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Planning Climate and Global Change Research 3 Meeting the Nation’s Needs for Climate and Global Change Information Is the plan responsive to the nation’s needs for information on climate change and global change, their potential implications, and comparisons of the potential effects of different response options? The nation has diverse information needs on climate and associated global changes, their implications, and different response options. These needs arise from decision makers across the public and private sectors dealing with issues ranging from energy to public health and the environment and operating at the local, state, national, and international levels. A major weakness of the draft strategic plan is that it does not adequately identify these diverse needs or use them to target the scientific studies that it proposes. In general the description of the Climate Change Research Initiative (CCRI) in the draft plan does a better job of addressing a relatively short list of the major policy decisions that are pending at a national level. Even at this level the plan specifies that one of the objectives of the CCRI will be to identify “national-level decisions and [use] that list to develop decision support activities as well as to help prioritize climate change research” (CCSP, 2002, p. 40). The draft strategic plan does identify at a general level four areas that will be important to meeting the needs of decision makers.1 Improve the global climate observation system. Both the CCRI (“optimize observations, monitoring, and data management systems of ‘climate quality data,’” CCSP, 2002, p. 15) and the U.S. Global Change Research Program (GCRP) (“monitor, understand, and predict global change,” CCSP, 2002, p. 55) call for improved global observing and information systems. Improve understanding of climate and associated global changes. The draft plan states that “science-based information is required to inform public debate on the wide range of climate and global change issues necessary for effective public policy and stewardship of natural resources” (CCSP, 2002, p. 4). The committee considers the wide range of climate change and associated global change issues to encompass Earth system processes (physical, biological, chemical, and societal), impacts on human societies and ecological systems, and the scientific underpinnings of potential response options. Reduce key uncertainties. The CCRI seeks to “reduce significant uncertainties in climate science” (CCSP, 2002, p. 2; p. 8). Likewise, the GCRP seeks to address “key uncertainties about changes in the Earth’s global environmental system, both natural and human-induced” (CCSP, 2002, p. 55). Develop decision support resources. Creating “resources to support policymaking and resource management” (CCSP, 2002, p. 2) is a major new undertaking included in the CCRI portion of the plan. This objective appears to be multifaceted, calling for developing “scenarios and comparisons; quantification of the sensitivity and uncertainty of the climate system to natural and anthropogenic forcings through the implementation and application of models; and structured information for national, regional, and local discussion about possible global change causes, impacts, benefits, and mitigation and adaptation strategies” (CCSP, 2002, p. 15). In addition to these information needs the committee notes a related need that can be inferred from the plan, though it is not explicitly stated. Build capacity to implement the strategic plan. The ambitious objectives of the draft strategic plan require substantial investments in training new researchers, building linkages across disciplines and between researchers and stakeholders, and in computing and data storage capabilities. 1 As discussed in Chapter 2, although these general themes are expressed repeatedly throughout the draft plan, they are not explicitly identified as overarching program goals, and therefore are not identified as such in this report.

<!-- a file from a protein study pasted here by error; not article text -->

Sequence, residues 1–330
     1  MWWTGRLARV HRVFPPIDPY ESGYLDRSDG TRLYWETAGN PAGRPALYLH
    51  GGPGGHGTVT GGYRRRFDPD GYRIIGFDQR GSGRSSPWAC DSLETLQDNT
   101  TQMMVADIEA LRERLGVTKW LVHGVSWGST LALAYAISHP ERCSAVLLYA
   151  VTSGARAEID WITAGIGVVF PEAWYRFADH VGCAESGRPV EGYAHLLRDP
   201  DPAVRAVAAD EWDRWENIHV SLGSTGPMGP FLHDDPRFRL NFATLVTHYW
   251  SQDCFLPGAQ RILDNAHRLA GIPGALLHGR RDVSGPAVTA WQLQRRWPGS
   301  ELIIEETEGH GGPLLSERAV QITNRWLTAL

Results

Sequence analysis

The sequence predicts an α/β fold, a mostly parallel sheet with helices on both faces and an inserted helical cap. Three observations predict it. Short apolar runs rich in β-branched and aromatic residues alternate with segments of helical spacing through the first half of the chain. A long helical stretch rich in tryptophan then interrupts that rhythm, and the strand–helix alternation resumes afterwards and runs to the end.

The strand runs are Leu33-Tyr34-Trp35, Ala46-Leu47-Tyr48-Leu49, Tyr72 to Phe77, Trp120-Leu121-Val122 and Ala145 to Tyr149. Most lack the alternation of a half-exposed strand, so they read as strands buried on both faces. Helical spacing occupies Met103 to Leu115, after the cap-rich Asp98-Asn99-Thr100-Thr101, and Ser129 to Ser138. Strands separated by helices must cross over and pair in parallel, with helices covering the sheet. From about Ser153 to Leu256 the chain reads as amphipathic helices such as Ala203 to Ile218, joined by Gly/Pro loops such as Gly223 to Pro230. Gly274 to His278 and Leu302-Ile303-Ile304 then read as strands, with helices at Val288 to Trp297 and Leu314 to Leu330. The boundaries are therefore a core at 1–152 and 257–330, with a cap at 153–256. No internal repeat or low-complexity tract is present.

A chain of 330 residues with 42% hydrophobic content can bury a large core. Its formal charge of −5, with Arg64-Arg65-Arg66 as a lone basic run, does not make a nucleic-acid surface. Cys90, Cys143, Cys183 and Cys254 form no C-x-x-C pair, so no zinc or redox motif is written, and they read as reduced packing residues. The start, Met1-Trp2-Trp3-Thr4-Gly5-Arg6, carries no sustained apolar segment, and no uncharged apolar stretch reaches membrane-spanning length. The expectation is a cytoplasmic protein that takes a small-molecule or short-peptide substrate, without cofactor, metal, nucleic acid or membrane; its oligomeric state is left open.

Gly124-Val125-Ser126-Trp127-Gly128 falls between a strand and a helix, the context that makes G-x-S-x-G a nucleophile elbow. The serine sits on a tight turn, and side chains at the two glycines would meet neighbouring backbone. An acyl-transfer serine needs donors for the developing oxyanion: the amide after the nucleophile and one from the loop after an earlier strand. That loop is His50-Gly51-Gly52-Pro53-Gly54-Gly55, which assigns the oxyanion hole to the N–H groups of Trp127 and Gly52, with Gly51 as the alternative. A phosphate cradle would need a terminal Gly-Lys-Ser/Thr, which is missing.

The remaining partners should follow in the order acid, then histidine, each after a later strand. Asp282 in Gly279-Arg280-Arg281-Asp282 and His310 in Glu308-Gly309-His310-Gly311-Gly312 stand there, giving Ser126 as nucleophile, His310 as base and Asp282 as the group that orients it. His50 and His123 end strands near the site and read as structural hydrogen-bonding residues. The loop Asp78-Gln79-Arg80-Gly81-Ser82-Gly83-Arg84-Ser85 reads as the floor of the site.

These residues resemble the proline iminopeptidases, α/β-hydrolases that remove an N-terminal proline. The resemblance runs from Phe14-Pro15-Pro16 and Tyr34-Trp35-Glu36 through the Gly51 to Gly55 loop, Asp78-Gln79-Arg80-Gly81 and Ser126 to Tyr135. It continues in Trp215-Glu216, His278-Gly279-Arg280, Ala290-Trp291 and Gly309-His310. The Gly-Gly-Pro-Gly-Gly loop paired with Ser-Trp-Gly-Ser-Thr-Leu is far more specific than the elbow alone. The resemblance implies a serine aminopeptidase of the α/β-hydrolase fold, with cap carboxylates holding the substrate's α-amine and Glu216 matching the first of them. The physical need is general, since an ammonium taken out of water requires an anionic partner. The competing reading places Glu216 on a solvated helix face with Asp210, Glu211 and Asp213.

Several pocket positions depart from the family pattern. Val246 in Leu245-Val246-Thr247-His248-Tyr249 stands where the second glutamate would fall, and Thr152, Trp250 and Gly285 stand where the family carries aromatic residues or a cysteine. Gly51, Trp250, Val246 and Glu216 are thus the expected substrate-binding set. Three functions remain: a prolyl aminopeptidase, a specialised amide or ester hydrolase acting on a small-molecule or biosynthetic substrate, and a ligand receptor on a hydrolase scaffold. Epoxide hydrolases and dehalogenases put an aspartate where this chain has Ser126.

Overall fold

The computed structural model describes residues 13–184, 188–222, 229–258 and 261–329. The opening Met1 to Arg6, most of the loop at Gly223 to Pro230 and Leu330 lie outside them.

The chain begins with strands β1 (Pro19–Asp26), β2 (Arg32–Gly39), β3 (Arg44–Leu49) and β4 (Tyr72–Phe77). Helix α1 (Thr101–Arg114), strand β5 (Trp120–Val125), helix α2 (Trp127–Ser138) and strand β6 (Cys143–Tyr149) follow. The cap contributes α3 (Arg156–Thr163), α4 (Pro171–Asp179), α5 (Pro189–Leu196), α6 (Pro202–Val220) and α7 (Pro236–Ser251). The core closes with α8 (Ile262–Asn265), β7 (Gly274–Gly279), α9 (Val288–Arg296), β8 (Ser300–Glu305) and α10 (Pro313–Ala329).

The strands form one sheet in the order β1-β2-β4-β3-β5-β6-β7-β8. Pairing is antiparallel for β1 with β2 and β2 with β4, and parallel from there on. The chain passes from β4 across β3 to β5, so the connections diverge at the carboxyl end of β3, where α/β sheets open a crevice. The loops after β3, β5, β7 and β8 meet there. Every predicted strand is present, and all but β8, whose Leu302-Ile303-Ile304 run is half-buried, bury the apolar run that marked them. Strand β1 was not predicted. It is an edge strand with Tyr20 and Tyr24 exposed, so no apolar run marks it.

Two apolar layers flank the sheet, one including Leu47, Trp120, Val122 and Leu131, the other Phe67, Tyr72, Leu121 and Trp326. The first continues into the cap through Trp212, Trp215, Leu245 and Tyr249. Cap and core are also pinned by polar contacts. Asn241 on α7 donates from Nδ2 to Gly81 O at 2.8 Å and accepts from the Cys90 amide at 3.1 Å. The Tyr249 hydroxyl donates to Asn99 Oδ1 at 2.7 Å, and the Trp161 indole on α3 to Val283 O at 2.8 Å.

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Planning Climate and Global Change Research This chapter assesses the extent to which the draft plan addresses these areas without commenting on whether this list comprises the full set of information needs that the final CCSP plan should address. Developing that fuller list should be part of the process by which the draft plan is revised. THE GLOBAL CLIMATE OBSERVATION SYSTEM The draft plan correctly identifies the need for a global observing system for climate and climate-related variables. Such a system would include observations of physical, chemical, and biological parameters of the ocean, atmosphere, and land systems, and it would incorporate relevant socio-economic data needed to understand the factors that influence the causes of climate change. Its goals would be to supply the scientific basis for detecting climate and associated global changes and for testing and calibrating the climate system models, and to develop data products of use to decision makers. To provide climate-quality data, the observation strategy would need to be long-term, subject to careful calibration and validation, and be flexible enough to accommodate new understanding and evolving needs (NRC, 1999a; 2000b). The draft strategic plan could be improved by providing a structured program for establishing such a global climate observing system and a strategy for coordinating observation needs that cross disciplinary and national boundaries. The existing climate observing system is a patchwork of observation networks, which are not well coordinated. Large investments are needed in maintaining and expanding an integrated observing system that will support monitoring, diagnosis, and modeling of climate and associated global changes. Many research needs in observations, monitoring, and data management systems are identified in Chapter 3, Chapters 5-11, and Chapter 12 of the draft plan. The observation goals are generally appropriate and reasonably complete, although they would benefit from some coarse prioritization or implementation schedule. A major weakness in the plan, however, is that it does not describe how existing observation systems will be integrated, nor does it offer a pathway to expansion of observation systems to include key climate-related ecological, biogeochemical, geophysical, and socio-economic measurements. A great need exists for systematic integrated measurements, where interagency and international cooperation could bring major advances. For example, significant changes in natural and managed ecosystems are already occurring in response to climate variability and changes, yet a clear strategy for obtaining the necessary observations is lacking. A more integrated approach to ecosystem observations would include ground-based monitoring of biogeochemical and other ecosystem processes (e.g., carbon dioxide flux at distributed reference sites and nutrients in stream, river, estuarine, and coastal systems and large-scale patterns of disturbance and fire) and monitoring of the distribution and abundance of key species in a range of regional terrestrial and marine ecosystems. The global climate observing system would provide datasets to explore the coupling of major cycles (e.g., carbon, water, nitrogen, energy). Better integrating relevant socio-economic observations—including changes in land use, location and intensity of economic activities that alter atmospheric chemistry, and social conditions that alter vulnerability to climate change—into this observation system could be of great use in understanding the importance of various drivers of climate change. Major issues associated with creating and implementing an integrated, global climate observing system need more attention in the draft plan to make it clear how the selection of observation systems and sites would be guided by an overarching observation strategy. It is important that the revised strategic plan address the following: The role that the CCSP will play in implementing and maintaining national- to global-scale observing systems that require interagency and international cooperation. How the program will develop an appropriate range of space-based and in situ observing systems with an adequate overlap to allow the calibration necessary to maintain data quality. Efforts to observe important local and regional variability (such as due to local orography, local coastline structure, or land-sea temperature differences not otherwise resolved) that are necessary to meet the CCSP’s goals of providing information to decision makers. Design of local or regional observation arrays will need to be responsive a variety of users’ needs while being consistent in accuracy and practice so that they feed data into the global array. How climate modeling and observation activities will be coordinated, including the use of models to aid in the design of improved climate observing systems and the deployment of observation networks appropriate for testing climate models. The challenges associated with the transition of research observations to operational platforms and to measurements involving in situ and space-based instruments (NRC, 2000a). Although the plan refers to making climate observations accessible, it would be more effective if it conveyed an overall vision for climate services as discussed in various recent reports (e.g., NRC, 2001b). The requirements to ensure that observations for weather have value for climate studies (NRC, 1999a; 2000b; 2000c). Chapter 3 of the plan identifies a number of observation activities that CCSP considers of higher